One gets the feeling that the regime plays a dangerous game of brinkmanship, whipping up ultra-nationalist passions inside Russia, whilst trying to show Putin posing on the international scene as the only moderate element in Russia.
During the recent Winter Olympics, all the media and TV channels ran a loud, almost hysterical, patriotic campaign. The President himself joined in. He was sharply critical of the judging of the ice-hockey match between Russia and the Czech Republic.
Yet, just a few days later, the Russian authorities took fright at the anti-American sentiment they had stirred up and began to present the situation in a completely different light. Now it seems that the real issue was not the judging at all, but the dire state of Russia's sporting infrastructure, which prevented their sportsmen from preparing adequately for the Olympics. Moscow's reaction to the presence of American military instructors in Georgia has been exactly the same: Hysteria in the Kremlin-manipulated media and cold-blooded pragmatism on the part of the President. A similarly clamorous media campaign was organized in favour of reintroducing the death penalty, with the sole aim of showing virtuous President Putin as the "only European in Russia": "The idea of the recommencement of capital punishment is supported by the majority of the population. Opinion polls testify to the fact. It is a wrong position. As long as I am authorized to influence the situation, no capital punishment will be recommenced in Russia."
The same approach has been adopted toward the Vatican, Putin declaring that he has nothing against the pope’s visit in Russia, on the background of an hysterical anti-Catholic propaganda in the media and of restrictive measures taken against catholic bishops and priests.
Commentators agree that in order to launch the structural reforms necessary for the real improvement of the Russian economy, Putin will have to face deeply entrenched interests and to run political risks. But it is unlikely he will take those steps, not only because of the political risks, but because he sees the emerging giant financial-industrial groups - especially the energy majors and the "natural monopolies", - as the main instrument for projecting power outside Russia. Those groups have replaced the Soviet military-industrial complex. If the Russian elites were really preoccupied with the prosperity of the average Russian, they would reach a consensus on reforms running contrary to the interests of those groups. But as the Russian elites and the KGB have found common ground on one issue, - restoring Russia as a great power, - as long as the energy giants and the financial-industrial magnates are able to persuade Putin that they are the best instruments to reach this goal, their future is quite assured and they do not have to fear perilous changes. It is no accident that the Russian Union of Industrialists and Entrepreneurs is headed by two men with very little knowledge of a modern economy but with strong intelligence links, A. Volsky and E. Primakov. The latter is known for his communist sympathies and his strong advocacy of great power ambitions for Russia. This shows were the Putin regime real priorities are.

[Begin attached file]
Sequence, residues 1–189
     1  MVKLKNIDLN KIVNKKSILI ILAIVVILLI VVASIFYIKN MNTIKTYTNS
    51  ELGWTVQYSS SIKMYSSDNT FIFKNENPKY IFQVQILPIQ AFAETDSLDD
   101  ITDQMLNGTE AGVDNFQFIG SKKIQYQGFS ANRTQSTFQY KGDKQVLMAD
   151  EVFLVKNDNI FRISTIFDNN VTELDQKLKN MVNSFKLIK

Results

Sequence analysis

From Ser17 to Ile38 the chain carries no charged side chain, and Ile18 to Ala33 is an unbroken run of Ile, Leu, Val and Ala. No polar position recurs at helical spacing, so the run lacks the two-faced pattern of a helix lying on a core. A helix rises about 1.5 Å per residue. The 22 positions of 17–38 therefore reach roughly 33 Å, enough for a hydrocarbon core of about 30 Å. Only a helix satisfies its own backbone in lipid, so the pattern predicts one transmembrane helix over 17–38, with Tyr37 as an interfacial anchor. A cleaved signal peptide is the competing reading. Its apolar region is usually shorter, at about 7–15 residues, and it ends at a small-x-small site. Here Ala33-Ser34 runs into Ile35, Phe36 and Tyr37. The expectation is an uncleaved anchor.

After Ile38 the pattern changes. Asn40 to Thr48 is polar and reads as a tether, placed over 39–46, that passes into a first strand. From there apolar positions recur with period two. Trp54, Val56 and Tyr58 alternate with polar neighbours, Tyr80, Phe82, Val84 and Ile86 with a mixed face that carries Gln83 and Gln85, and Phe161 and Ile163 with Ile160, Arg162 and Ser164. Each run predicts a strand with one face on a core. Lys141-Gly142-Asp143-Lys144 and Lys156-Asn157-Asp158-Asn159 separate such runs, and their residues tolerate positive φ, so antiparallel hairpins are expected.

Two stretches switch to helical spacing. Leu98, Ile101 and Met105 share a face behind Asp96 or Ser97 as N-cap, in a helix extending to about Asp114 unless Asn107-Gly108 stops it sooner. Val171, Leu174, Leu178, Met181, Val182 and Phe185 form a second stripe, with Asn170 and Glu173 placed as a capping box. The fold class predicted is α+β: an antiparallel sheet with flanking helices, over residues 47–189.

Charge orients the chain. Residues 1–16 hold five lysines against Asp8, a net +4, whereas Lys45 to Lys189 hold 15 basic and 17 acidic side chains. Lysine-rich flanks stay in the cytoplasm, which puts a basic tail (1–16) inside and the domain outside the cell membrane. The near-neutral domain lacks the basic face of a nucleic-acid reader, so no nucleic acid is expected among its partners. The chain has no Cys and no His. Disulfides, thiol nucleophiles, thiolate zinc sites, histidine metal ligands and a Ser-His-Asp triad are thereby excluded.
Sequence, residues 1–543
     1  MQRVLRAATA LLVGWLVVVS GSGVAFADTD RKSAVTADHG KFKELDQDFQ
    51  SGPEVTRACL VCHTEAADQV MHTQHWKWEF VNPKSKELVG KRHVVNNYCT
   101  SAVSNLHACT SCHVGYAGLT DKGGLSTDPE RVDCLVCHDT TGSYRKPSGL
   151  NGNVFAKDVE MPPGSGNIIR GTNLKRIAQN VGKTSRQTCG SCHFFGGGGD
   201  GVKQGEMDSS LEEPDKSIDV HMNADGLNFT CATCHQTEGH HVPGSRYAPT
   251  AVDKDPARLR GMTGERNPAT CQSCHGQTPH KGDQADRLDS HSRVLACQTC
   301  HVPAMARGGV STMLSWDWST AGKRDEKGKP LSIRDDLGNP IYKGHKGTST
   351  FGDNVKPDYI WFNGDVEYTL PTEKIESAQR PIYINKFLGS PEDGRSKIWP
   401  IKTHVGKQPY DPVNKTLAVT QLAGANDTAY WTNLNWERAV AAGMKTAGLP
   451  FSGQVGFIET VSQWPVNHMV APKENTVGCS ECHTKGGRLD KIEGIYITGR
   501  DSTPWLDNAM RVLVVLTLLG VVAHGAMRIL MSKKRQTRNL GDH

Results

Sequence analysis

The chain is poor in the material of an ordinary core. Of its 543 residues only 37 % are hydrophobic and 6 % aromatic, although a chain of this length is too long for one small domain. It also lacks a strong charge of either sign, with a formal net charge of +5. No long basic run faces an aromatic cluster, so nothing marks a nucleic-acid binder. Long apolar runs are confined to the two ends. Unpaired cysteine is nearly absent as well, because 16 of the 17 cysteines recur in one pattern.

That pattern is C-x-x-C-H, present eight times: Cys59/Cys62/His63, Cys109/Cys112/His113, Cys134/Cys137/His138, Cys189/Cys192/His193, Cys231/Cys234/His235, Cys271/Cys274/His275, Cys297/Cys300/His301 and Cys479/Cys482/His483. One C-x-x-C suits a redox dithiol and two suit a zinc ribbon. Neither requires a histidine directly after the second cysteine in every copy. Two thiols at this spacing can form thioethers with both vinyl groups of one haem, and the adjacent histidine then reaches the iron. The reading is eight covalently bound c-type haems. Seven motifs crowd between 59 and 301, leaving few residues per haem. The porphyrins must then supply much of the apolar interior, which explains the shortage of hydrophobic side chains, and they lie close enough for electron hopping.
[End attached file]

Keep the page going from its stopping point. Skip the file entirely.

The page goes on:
(*) Dr. Françoise Thom teaches History of International Relations and Cold War at the Sorbonne University in Paris. Famous Sovietologist, writer and lecturer, she first published "Communism: Newspeak" in French "La langue de bois" in 1987 (Julliard); "Le moment Gorbatchev" (Hachette) in 1991 and "Les fins du Communisme" in 1994 (Criterion) among other books.
 Though the official in charge of Kremlin propaganda, Sergei Yastrzhembsky, doesn’t think so. In his view, Russophobia has not yet been extirpated from the Western media. But the situation is now promising : "Today, for the first time we have a real opportunity to implement image-making projects for Russia. [...] The Russian political and business elite is consolidating. [...] The time of ignoring the problem of creating a realistic image of Russia is over. We must undertake systematic, consistent and focused work on this front." See Sergei Yastrzhembsky, "Russophobia Still Rampant", Moscow Times, April 24, 2002.
 From 84.4 percent in 1998 to 36.5 percent in 1999 and 20.2 percent in 2000--in 2001 it was 18.6 percentinstead of the 12 to 14 percent envisaged in the 2001 budget. Overall, it is still considerably higher than the 11 percent in pre-crisis 1997.
 The Communists, the largest single group in the State Duma lower house, were removed from seven of nine parliamentary committee chairmanships and promptly stepped down from the two remaining. The deal between centrists of the pro-Putin "United Russia" faction (the Duma's second largest) and liberal groups amounted to a reversal of a pact struck in January 2000 immediately after general elections. Vladimir Putin, coming to power, forced through a disproportional package deal that effectively punished the Fatherland-All-Russia (i.e. Primakov-Luzhkov) group for daring to compete with his own Unity party in the 1999 elections. This deal was an effective block consisting of Unity with the Communists, in which both sides got more chairmanships than they were entitled to.
 The Russian elite is very aware of this: "If, God forbid, something happens in the country as a result of which Putin's rating will begin to swing, the entire political structure will shake," Chubais said in an interview with Rossiyskaya Gazeta on April 30.
 Dmitri Glinski-Vassiliev: "The Putin-Bush Alliance and the Cultural Threat to Western Democracy" Ponars Policy Memo No. 226, prepared for the Ponars Policy Conference, Washington D.C., January 25, 2002
 "We should look at a new military alliance that would include the United States, Russia, Turkey maybe, India maybe, for Central Asia," Mikhail Margelov, the chairman of the Russian Duma's foreign affairs committee and a Putin ally, told Jim Hoagland. See Washington Post, April 28, 2002
 "The Putin-Bush Alliance and the Cultural Threat to Western Democracy", quoted by Dmitri Glinski-Vassiliev inPonars Policy Memo No. 226, prepared for the Ponars Policy Conference, Washington D.C., January 25, 2002
 Established on Dec. 7, 2001, when NATO members met Russian Foreign Minister Ivan Ivanov and concluded an agreement that will strengthen Russia's decision-making role in the NATO-Russian Permanent Joint Council.